Paris plans limited Corsica autonomy

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The Independent Online

The French Prime Minister, Lionel Jospin, unveiled a two-stage plan yesterday for limited autonomy for Corsica, despite misgivings in his own centre-left coalition and outright opposition from the right. The proposals are a huge departure from the tradition of monolithic government from Paris.

The French Prime Minister, Lionel Jospin, unveiled a two-stage plan yesterday for limited autonomy for Corsica, despite misgivings in his own centre-left coalition and outright opposition from the right. The proposals are a huge departure from the tradition of monolithic government from Paris.

In an attempt to end 20 years of political violence on the island, Mr Jospin is proposing a single political and administrative body for Corsica, with limited independent law-making powers. Until the next French presidential election in 2002 there would be only minor changes, with the Corsican assembly allowed to modify certain French laws as long as the parliament in Paris approved.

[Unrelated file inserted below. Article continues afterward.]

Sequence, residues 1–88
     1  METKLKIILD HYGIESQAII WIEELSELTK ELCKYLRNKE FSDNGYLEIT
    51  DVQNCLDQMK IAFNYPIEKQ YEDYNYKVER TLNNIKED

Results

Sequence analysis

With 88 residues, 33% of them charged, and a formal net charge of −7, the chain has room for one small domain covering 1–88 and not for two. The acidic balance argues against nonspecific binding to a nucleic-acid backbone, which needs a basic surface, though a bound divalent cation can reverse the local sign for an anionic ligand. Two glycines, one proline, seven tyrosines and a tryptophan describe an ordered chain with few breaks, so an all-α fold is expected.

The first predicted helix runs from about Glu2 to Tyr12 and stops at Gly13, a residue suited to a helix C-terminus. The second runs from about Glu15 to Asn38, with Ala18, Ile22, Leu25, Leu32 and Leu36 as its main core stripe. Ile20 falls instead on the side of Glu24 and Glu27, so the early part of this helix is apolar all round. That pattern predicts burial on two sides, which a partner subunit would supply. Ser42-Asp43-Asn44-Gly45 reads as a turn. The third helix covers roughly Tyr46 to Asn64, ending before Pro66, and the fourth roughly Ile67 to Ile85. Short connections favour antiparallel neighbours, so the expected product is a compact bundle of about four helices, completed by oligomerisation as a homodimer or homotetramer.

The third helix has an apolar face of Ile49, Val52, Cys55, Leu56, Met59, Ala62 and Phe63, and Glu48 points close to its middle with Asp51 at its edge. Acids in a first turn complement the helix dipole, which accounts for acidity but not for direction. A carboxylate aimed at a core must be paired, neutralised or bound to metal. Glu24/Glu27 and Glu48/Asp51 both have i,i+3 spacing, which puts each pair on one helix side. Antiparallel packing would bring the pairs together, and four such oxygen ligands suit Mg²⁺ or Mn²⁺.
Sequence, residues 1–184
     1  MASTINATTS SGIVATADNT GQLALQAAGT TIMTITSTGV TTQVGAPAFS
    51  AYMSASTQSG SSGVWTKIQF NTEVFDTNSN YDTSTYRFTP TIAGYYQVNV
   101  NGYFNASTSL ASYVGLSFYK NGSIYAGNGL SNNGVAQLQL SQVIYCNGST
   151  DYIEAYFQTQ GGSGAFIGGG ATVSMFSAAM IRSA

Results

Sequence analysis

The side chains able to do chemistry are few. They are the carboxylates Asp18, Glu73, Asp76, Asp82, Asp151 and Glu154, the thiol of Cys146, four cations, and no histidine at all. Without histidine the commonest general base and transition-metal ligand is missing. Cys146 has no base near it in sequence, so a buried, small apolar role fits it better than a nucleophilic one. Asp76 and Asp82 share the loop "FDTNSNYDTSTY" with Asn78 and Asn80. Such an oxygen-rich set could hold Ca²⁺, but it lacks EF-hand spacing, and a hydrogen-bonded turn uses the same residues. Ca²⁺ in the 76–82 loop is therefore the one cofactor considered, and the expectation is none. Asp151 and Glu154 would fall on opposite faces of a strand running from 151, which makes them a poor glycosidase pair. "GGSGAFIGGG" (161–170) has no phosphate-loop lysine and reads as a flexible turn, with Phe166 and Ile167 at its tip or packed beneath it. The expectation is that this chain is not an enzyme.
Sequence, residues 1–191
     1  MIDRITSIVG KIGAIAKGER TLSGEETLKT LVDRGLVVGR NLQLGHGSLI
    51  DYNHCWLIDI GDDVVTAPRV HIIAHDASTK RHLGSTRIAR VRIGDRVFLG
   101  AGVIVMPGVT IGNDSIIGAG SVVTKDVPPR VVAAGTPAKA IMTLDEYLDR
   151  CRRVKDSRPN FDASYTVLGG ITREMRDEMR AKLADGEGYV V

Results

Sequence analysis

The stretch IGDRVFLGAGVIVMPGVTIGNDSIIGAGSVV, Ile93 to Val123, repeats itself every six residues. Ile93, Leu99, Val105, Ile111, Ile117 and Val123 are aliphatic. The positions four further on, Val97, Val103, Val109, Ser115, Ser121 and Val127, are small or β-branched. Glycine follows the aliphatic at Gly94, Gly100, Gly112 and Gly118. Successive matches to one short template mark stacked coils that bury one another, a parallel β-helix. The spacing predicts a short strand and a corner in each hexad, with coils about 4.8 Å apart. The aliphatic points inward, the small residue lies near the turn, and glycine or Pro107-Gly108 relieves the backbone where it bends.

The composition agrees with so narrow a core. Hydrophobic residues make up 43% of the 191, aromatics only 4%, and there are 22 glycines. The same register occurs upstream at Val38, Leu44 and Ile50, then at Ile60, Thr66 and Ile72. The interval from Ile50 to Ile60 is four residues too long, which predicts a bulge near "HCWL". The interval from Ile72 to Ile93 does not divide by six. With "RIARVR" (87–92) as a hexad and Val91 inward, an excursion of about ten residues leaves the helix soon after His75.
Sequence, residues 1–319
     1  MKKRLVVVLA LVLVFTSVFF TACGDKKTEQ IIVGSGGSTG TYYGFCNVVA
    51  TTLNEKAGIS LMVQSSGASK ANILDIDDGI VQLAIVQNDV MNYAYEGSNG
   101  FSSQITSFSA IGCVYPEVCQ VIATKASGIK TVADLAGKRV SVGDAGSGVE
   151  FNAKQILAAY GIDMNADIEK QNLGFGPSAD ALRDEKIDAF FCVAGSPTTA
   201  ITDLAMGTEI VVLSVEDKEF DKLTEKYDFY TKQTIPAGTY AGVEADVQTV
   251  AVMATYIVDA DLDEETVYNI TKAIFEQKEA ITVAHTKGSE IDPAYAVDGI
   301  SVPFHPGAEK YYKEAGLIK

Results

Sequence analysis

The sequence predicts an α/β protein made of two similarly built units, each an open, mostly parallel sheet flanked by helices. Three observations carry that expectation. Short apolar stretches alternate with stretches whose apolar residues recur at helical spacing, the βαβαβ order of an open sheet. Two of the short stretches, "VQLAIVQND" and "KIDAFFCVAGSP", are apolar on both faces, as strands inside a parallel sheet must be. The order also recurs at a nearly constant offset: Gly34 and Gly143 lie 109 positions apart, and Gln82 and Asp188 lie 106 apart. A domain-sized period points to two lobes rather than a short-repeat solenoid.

After 2003-04 there could be constitutional changes to allow one administrative and legislative body for the island, with slightly wider powers. The proposals are to be discussed by the Corsican regional assembly next Friday.

Centre-right parties in France have criticised Mr Jospin's proposals, saying they will, in effect, surrender power to the political and criminal mafias that control the island and encourage "me too" demands from Brittany, the Basque country, French Catalonia and Languedoc.

Similar criticism has been made by Mr Jospin's coalition ally, Jean-Pierre Chevÿnement, who leads a socialist splinter group that believes fiercely in a strong, unified government for all parts of France. Earlier this week he said Mr Jospin "knows where I cannot go".

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